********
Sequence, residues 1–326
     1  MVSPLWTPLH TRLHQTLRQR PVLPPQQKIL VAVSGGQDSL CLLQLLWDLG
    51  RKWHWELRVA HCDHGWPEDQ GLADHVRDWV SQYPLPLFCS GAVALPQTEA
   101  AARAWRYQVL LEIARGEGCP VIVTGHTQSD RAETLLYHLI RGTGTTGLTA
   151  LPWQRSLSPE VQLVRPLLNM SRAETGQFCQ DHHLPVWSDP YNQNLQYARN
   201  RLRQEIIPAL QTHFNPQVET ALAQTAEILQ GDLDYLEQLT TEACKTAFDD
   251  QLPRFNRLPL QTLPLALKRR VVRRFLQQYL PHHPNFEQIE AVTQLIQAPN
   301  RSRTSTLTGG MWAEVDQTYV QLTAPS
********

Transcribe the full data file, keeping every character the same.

Sequence, residues 1–326
     1  MVSPLWTPLH TRLHQTLRQR PVLPPQQKIL VAVSGGQDSL CLLQLLWDLG
    51  RKWHWELRVA HCDHGWPEDQ GLADHVRDWV SQYPLPLFCS GAVALPQTEA
   101  AARAWRYQVL LEIARGEGCP VIVTGHTQSD RAETLLYHLI RGTGTTGLTA
   151  LPWQRSLSPE VQLVRPLLNM SRAETGQFCQ DHHLPVWSDP YNQNLQYARN
   201  RLRQEIIPAL QTHFNPQVET ALAQTAEILQ GDLDYLEQLT TEACKTAFDD
   251  QLPRFNRLPL QTLPLALKRR VVRRFLQQYL PHHPNFEQIE AVTQLIQAPN
   301  RSRTSTLTGG MWAEVDQTYV QLTAPS